The growth in availability of portable and highly connected health devices will drive an expectation in society to be aware of our own health and more pro-active in the lifestyle choices we make. People will use technology to prevent and diagnose disease, and in some cases, bypass the doctor’s clinic by taking health care into their own hands, or at the least go armed to the doctor with helpful diagnostic information.

Our informed insight will mean that the doctor’s role will change. They will become coaches, rather than a source of initial diagnosis. Self-diagnostic tools will empower doctors to monitor, prevent and treat medical conditions. One early example of this is the ECG attachment for the iPhone, which is already capable of producing medical-grade data.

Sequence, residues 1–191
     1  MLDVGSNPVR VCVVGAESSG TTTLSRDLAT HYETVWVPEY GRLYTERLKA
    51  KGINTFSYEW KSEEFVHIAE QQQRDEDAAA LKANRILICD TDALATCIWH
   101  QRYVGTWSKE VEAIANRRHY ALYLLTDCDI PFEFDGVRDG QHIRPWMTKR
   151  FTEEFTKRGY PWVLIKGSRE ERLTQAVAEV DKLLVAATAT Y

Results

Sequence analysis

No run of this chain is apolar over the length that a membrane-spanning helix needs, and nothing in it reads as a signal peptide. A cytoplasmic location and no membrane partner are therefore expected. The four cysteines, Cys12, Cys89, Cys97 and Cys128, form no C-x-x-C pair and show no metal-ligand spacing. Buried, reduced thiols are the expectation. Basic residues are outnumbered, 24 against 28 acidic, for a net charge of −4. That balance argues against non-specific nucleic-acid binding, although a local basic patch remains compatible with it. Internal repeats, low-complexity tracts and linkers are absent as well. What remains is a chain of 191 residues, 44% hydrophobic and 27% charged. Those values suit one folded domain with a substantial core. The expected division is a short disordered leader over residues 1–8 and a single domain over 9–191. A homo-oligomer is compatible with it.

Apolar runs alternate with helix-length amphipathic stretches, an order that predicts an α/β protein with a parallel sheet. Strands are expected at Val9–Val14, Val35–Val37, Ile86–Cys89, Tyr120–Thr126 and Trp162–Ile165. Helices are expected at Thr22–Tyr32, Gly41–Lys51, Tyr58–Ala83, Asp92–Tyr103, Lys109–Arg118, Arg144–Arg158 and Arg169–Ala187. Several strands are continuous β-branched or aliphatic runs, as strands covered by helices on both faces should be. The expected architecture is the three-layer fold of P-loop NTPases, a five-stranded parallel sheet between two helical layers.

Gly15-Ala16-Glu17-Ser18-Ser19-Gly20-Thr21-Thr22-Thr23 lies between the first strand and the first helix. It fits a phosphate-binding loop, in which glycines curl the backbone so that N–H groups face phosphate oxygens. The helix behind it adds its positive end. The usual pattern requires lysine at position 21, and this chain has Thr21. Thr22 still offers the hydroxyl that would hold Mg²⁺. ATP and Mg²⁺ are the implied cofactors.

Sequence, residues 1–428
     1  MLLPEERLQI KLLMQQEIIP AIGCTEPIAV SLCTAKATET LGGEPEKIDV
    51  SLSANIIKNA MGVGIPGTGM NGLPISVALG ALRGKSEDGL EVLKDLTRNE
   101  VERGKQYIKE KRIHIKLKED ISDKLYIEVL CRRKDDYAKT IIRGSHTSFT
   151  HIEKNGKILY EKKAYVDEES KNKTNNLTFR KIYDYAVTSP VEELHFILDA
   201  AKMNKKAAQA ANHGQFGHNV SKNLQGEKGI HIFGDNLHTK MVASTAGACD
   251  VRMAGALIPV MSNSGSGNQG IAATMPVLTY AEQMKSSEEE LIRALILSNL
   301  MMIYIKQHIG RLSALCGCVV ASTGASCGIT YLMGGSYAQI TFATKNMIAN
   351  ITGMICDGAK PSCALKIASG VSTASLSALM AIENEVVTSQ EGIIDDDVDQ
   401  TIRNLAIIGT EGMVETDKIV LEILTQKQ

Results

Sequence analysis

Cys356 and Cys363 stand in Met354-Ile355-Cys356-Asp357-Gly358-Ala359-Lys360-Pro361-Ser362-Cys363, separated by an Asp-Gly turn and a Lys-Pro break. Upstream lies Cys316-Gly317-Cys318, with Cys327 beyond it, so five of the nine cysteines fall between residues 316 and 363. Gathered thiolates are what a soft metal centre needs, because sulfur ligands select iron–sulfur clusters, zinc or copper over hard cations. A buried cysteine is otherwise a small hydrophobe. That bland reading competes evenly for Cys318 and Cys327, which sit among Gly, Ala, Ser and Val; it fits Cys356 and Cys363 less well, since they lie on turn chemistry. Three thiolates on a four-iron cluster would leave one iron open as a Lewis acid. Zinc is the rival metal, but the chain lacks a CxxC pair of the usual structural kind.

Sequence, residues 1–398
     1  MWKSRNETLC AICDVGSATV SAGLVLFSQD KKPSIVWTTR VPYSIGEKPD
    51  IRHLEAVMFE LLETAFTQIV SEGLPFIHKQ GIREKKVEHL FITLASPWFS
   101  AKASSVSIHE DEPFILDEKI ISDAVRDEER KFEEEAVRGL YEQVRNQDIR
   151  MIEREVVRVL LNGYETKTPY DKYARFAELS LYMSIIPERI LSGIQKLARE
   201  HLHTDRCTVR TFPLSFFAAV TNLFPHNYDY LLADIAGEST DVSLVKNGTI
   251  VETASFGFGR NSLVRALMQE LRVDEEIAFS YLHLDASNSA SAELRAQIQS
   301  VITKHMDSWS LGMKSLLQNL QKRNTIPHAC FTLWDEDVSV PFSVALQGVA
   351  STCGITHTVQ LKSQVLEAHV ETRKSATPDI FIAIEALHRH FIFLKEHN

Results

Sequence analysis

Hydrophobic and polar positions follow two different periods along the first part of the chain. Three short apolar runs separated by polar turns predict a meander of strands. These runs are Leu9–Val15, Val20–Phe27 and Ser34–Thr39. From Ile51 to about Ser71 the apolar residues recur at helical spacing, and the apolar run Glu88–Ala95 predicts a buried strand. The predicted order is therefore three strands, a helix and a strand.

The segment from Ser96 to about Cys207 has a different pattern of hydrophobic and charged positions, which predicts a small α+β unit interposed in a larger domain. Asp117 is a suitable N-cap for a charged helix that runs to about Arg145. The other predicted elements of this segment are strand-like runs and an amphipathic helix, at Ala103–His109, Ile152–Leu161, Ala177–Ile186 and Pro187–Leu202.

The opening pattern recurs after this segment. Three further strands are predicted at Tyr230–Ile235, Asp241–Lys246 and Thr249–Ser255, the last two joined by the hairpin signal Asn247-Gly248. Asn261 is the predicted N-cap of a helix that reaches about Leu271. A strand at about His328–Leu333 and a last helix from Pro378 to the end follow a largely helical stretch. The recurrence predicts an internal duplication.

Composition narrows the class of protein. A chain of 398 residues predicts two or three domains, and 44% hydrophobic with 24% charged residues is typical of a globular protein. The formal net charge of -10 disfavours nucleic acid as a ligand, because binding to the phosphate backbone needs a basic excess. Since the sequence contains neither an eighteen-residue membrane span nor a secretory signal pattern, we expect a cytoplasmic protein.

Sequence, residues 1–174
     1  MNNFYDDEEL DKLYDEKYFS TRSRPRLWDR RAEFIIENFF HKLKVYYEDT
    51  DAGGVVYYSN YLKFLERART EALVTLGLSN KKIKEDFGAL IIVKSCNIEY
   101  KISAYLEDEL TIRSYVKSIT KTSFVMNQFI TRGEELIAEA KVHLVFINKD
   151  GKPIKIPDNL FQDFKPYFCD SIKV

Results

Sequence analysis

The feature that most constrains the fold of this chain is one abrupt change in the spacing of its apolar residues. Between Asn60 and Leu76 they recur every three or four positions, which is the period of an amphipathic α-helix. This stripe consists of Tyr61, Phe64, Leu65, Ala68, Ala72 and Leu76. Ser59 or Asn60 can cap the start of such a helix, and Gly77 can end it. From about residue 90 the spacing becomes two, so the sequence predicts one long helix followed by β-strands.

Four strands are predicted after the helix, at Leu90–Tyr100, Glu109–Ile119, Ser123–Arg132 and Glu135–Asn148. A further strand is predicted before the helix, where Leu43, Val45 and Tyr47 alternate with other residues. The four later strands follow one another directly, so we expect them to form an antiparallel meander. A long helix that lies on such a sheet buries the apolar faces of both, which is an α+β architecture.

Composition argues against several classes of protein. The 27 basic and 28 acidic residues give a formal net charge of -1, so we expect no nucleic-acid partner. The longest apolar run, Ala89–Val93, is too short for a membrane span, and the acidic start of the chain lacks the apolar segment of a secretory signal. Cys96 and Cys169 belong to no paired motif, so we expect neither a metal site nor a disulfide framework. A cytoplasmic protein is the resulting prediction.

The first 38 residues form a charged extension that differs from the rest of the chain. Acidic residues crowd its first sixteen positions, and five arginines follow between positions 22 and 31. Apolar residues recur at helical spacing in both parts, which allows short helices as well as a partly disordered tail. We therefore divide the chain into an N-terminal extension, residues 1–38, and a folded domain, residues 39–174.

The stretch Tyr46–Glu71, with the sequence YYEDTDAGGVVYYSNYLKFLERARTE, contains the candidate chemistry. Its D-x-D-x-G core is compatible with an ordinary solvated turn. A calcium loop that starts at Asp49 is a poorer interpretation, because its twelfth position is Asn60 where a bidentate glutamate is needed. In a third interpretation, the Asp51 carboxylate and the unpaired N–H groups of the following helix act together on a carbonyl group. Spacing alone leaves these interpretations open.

Private health care organizations will tap into health applications and their capacity for diagnosis as a result, and will offer these widely to consumers. Your smartphone will come to know your body better than you know yourself and doctors will provide a health care service based on your measured behavior and key health indicators.